Guns and racism

Feeling tired and heartbroken again in the wake of another spate of shootings, the latest on Wednesday in Dallas at a Korean salon and on Saturday at a grocery store in a predominantly Black Buffalo neighborhood, which were racially motivated, and at a Taiwanese church in Orange County yesterday.

When I moved to the US in 2006, I was struck by our nation’s strange addiction to guns and toxic relationship with racism (a pervasive white supremacy culture, though I would not have the words to call it such for a few more years). I’ve lived in places where people regularly go to school and church and the hair salon and the grocery store without fear of being shot. And while prejudices always exist and must be overcome (which is hard enough), the white supremacy that permeates American systems and structures, that is perpetuated by those in power thinking that talking about racism is more dangerous than racism itself or news channels that give platform to deadly nonsense like the “great replacement theory” (espoused by the Buffalo shooter)—that must be rooted out.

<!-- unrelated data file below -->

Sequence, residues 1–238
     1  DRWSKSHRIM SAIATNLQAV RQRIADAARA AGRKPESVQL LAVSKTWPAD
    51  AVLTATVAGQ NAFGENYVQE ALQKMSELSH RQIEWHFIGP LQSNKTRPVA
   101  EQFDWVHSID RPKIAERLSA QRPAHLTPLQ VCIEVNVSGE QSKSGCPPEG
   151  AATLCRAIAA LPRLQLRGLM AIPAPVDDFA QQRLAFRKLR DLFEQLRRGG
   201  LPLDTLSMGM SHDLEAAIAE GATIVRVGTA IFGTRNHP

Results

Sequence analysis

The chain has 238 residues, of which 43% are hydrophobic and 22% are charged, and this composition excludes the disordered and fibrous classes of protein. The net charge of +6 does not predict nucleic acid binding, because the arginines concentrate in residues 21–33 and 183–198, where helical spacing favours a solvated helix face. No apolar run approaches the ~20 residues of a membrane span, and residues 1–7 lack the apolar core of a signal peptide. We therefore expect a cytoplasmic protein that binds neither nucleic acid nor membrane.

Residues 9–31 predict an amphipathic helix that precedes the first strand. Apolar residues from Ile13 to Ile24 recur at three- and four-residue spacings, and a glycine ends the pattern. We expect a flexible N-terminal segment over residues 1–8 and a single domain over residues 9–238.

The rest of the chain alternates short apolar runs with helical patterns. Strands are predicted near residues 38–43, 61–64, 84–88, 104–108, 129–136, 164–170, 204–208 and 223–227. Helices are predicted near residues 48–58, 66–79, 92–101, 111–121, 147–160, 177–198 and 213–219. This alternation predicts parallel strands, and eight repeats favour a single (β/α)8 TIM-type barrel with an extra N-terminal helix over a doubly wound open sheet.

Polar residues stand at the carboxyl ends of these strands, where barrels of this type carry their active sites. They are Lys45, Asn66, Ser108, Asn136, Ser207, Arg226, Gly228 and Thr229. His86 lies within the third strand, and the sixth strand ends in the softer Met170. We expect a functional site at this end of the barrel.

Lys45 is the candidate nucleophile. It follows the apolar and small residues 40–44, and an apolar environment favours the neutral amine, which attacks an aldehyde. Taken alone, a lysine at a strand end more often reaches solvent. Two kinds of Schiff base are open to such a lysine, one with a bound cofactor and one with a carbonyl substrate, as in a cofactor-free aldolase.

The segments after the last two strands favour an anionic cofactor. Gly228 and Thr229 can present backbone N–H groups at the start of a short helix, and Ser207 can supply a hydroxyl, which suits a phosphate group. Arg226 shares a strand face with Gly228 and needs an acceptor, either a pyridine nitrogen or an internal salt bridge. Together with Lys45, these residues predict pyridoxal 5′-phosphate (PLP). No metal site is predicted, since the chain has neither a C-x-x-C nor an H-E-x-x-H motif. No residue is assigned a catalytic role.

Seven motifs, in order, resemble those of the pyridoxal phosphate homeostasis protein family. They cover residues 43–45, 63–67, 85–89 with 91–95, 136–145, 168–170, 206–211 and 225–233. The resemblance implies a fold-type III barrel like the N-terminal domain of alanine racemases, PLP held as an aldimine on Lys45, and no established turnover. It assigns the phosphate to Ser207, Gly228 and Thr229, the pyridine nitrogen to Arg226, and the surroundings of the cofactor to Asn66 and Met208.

Lord, give comfort to the grieving, restrain the impulses of those who would cause harm, and give us the strength to do what needs to be done to see your justice and peace here on earth. Amen.

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